ROAS may not be an effective measure for high-ticket items due to the proportion differences between the CPCs and AOV, causing too much volatility for your bidding algorithm to optimize against. Only granularly structured campaigns will enable a strategy-based approach that is applicable across lines of business, categories and products.

product_targets

Optimal Product Target Strategy

Control Your Budget With Negatives

By splitting up campaigns/ad groups into match types, SEMs can better control their ability to show the ads they desire instead of letting the search engine decide on their behalf.

For example, let’s say a retailer is bidding on broad, exact and phrase match keyword [little black dress], and they split up each match type into unique ad groups. In this case, they can add exact match and phrase match negative to the broad match ad group and the exact match negative to the phrase match ad group.

By doing so, the retailer is given complete control of their bidding approach. Without adding match type silos, the search engine could serve the ad for any of the match types for the query [little black dress] and the retailer loses control of how ads are targeted.

Negative keywords for PLAs can behave in a similar way for retailers, ensuring they are retaining the control they need to spend their marketing dollars in the most efficient way possible. Make sure to negative out your SKUS from each other. By taking the various feature differences between your products and adding the opposing features as negatives, you can ensure Google picks the right product for the right user query.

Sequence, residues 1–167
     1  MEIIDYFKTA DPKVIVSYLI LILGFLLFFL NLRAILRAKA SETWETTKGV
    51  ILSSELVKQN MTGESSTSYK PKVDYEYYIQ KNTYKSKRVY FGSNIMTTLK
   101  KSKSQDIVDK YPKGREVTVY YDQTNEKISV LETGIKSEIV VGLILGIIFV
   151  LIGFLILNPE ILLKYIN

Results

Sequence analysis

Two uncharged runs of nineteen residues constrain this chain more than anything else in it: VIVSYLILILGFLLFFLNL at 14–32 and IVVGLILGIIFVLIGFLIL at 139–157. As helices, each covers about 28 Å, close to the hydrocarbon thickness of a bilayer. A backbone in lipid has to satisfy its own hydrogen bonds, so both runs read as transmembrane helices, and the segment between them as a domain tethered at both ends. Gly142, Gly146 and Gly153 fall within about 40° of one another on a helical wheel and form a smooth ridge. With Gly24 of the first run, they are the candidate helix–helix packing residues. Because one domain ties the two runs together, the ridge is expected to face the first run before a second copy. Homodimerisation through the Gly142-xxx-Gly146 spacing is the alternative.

An example of this is by negativing out [large] and [3.2 oz] from a 1.1 oz Burberry cologne. When using these negatives, you are preventing the 3.2 oz version from showing when the 1.1 oz version is the best candidate to be displayed within the SERPs. If you choose not to negative out the 3.2 oz version, you risk this bottle appearing with a significantly higher price near the competing 1.1 oz listings.

Conclusion

PLAs can save SEMs a lot of time — they don’t have to pick keywords and match types, or organize their keywords into ad groups. At the same time, many of the same principles in SEM apply to PLA campaigns.  If you want to have SEM-like control over your PLA campaigns, you need to deploy a highly granular campaign structure.  The more granular your campaign structure, the more control you’ll have over bids, budgets, ads, and keyword negatives — and the more successful your PLA campaign will be.

Opinions expressed in the article are those of the guest author and not necessarily Search Engine Land.

Related Topics: Channel: Retail | Google: Google Shopping | How To: PPC | Paid Search Column | Search Ads: Product Ads | Search Marketing: Shopping Search Marketing

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About The Author: is Director of Customer Success at Adchemy® a software development company that helps marketers scale the performance and relevance of their mission-critical paid search campaigns.

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  • ronniesmustache

    Really nice, Dan- thanks!

    I’m always surprised when I see companies using All Products targeting.

    I’m also surprised to see that they’re often still turning a pretty decent ROI for those campaigns. Go figure.

  • daniel morrison

    Thanks for the comment Mr Mustache!